The excitement around mHealth has led to a proliferation of programs, especially in the developing world. But how can countries ensure data integrity and privacy are a part of this new tech?
Mobile health (mHealth) technologies—a critical component of digital health—can improve access to health services and help deliver the necessary data for decision making. The technology also has the potential to lower health costs by streamlining processes and reducing redundancies. At least, those are the ideas behind the growing proliferation of mHealth programs.
But are mHealth programs fulfilling their potential, and are developing countries ready to fully implement them? That’s the question Sam Wambugu set out to answer.
Wambugu leads the health informatics portfolio for MEASURE Evaluation, a project to strengthen health systems in developing countries that’s funded by the U.S. Agency for International Development (USAID). In 2016, he led an effort in Tanzania and Kenya to examine the ways mHealth technologies were being used and to assist in recommending best practices for low- and middle-income countries.
“mHealth is great innovation but, so far, it’s a mixed bag. It’s a mixed bag because well-meaning innovators have a free hand to create mHealth programs. Since there are no national guidelines, these innovations can hinder instead of helping the health systems,” Wambugu says. “Implementation is sporadic. Without enough training for users or maintenance of the device, or even a clear idea of exactly what they want to improve.”
How we investigated
Wambugu’s research focused on Tanzania and Kenya, both of which are implementing mHealth programs. The two countries have an open data policy and use DHIS 2 software for aggregating health data.
He first conducted a survey of peer-reviewed literature on the subject to gather existing insights regarding mHealth implementation in Tanzania and Kenya and other developing countries. Then, directed by implementers, he selected six mHealth programs in each subject country for conducting interviews with stakeholders.
The literature review documented both the strengths and weaknesses of mHealth programs. The positive finding was a rapid scale-up of mHealth, with the hope that it would save money, improve program coverage, and enhance quality of care in the long run.
But weaknesses were significant. Patients worried that their personal information was not kept private and secure; workers often didn’t know how to type and transmit data; connectivity issues meant data might take several days to reach district offices; and weak or lacking maintenance protocols for the devices compromised security and quality of data.
Wambugu conducted interviews at clinics, offices of community-based interventions, and district health offices where data were reported in a mix of rural and urban areas. He spoke with community health workers, program managers, health coordinators at district offices who monitor data quality and completeness, national eHealth managers in the capital cities, and one software developer in Kenya.
What we learned
The research acknowledges that mHealth fills an important gap in scaling existing health programs and enables much faster data collection and transmission from the origin to the point of use. But, there has been little assessment of data quality, privacy, security, and confidentiality. Health programs may not be paying enough attention to the devices to make certain they are secure, password-protected, anti-virus loaded, and well maintained.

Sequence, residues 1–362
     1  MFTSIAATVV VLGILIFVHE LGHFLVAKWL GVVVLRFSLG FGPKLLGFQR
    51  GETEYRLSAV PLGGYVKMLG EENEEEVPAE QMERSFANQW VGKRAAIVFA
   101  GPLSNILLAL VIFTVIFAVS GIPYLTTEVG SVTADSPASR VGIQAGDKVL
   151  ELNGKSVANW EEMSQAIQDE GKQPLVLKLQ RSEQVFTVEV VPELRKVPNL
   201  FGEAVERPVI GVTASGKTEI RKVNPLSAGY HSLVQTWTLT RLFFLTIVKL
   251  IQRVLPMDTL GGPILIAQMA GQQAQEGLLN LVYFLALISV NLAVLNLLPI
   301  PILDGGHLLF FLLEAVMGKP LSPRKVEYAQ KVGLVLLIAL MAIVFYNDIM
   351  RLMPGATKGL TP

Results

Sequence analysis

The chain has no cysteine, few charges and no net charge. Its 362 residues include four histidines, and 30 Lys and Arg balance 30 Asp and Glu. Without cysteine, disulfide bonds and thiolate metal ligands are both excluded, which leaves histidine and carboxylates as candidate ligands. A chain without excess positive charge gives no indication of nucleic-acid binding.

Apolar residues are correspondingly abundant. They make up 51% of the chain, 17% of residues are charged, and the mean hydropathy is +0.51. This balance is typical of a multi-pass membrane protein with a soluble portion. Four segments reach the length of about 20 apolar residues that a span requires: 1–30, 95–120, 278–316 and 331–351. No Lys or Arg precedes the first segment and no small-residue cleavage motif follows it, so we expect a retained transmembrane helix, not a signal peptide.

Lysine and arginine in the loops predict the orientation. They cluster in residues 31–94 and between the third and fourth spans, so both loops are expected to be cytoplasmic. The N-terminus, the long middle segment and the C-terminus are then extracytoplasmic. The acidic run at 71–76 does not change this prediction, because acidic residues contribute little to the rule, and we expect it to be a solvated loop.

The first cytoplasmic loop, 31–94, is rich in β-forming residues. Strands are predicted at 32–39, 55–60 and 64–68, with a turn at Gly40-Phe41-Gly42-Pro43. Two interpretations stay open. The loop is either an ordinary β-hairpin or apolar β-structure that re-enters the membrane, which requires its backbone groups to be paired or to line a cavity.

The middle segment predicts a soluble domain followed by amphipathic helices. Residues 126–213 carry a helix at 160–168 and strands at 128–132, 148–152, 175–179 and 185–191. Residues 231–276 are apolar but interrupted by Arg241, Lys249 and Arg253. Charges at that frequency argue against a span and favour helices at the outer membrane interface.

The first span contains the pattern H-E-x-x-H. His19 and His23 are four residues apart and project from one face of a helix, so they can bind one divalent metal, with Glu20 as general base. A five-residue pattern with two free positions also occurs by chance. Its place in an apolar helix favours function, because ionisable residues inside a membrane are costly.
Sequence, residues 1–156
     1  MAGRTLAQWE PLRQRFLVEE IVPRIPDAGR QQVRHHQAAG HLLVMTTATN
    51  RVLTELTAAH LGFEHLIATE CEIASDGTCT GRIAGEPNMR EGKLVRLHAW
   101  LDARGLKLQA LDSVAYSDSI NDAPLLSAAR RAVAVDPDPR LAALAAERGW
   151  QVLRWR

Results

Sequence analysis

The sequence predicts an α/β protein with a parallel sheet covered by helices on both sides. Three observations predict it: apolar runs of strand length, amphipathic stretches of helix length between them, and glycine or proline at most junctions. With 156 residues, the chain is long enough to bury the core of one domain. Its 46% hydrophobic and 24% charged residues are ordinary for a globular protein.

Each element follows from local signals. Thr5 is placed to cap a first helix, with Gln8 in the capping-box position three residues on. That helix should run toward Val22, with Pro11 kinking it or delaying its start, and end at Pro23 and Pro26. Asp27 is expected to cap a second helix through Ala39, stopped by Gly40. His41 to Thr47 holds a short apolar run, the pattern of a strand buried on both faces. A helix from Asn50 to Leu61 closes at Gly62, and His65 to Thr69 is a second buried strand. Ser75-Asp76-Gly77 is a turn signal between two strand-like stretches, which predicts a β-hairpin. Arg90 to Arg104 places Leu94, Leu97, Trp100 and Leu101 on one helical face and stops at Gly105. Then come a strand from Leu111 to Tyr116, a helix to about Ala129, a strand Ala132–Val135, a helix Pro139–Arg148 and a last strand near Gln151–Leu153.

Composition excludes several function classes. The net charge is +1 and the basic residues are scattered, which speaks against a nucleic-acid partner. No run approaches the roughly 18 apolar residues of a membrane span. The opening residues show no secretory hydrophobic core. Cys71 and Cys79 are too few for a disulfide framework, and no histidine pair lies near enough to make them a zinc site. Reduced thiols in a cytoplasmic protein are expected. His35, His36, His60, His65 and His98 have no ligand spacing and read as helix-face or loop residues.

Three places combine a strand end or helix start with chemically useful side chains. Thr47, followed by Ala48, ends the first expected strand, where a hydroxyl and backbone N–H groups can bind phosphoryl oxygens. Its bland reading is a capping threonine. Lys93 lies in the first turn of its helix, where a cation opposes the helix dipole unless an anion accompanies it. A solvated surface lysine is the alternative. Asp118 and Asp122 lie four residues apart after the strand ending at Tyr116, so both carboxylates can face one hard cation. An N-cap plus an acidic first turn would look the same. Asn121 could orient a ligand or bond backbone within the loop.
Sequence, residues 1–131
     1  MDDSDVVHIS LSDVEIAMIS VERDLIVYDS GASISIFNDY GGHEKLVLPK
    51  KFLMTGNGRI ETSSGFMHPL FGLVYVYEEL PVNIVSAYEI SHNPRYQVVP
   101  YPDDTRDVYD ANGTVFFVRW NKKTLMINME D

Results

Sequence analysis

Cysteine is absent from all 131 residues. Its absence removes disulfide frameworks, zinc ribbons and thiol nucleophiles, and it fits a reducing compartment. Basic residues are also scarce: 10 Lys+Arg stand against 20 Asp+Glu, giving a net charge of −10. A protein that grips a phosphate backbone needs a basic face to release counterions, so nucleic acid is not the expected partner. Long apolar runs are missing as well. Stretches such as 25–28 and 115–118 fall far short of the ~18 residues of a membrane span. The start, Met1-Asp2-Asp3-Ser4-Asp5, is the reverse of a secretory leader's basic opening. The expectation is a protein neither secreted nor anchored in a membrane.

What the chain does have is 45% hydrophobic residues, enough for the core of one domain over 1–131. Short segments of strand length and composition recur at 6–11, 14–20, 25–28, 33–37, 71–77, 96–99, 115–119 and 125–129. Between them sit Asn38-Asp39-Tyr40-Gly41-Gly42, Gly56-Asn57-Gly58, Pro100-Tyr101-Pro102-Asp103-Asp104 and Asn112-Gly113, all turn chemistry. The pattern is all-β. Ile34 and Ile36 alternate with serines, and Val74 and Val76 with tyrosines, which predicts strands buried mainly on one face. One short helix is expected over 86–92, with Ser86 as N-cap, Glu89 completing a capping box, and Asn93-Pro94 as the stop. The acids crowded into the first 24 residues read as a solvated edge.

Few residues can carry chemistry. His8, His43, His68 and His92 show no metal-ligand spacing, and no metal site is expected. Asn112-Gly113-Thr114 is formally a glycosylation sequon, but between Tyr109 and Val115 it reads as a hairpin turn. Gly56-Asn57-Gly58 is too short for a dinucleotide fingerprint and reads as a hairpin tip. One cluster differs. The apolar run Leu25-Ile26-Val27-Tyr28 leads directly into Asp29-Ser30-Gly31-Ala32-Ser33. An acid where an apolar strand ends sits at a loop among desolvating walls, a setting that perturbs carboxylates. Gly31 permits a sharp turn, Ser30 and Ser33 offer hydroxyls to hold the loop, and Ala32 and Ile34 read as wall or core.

In Tanzania, one program he found had a plan for some of these concerns. It provided 700 health workers with mobile devices to improve quality of care—complete with standards for data quality, job aids and other tools, and advice on interaction with patients. Among stakeholders he spoke to in Kenya, no such infrastructure existed along with the devices and, although Kenya has standards and guidelines for mHealth, they are not always followed.
What we recommended
Wambugu, together with his project team at MEASURE Evaluation, came away with a raft of recommendations. Among them included the need for program teams to take into account health worker and community customs when planning a mHealth initiative. Some health workers are uncomfortable typing data, for example. Others are concerned that they cannot review the data they submit.
Another finding the team highlighted is that mHealth programs should focus on local context and user needs, continuously monitoring and adjusting both.
“Don’t start with the engineers,” he says. “Start with asking how to improve health care for people, including safeguarding their privacy and security. Or, we could reverse the gains that we have the potential to make because they won’t trust the system.”
Most importantly, a country must establish a framework for using mHealth that takes into account the realities on the ground and builds consistency and interoperability—rolling out before this could create chaos. “And don’t forget to involve the community and take their opinions into account,” says Wambugu. “Help them along this journey and routinely evaluate the program to be certain it’s actually adding value.”
What we did with the findings
With these learnings, the health informatics team at MEASURE Evaluation developed normative data security and privacy guidelines in 2018 for use by countries in their digital health systems. In 2019, the team supported Uganda in adapting them for its national data security and privacy guidelines. Other countries can also apply this resource as they expand their digital health footprint and make the most of mHealth.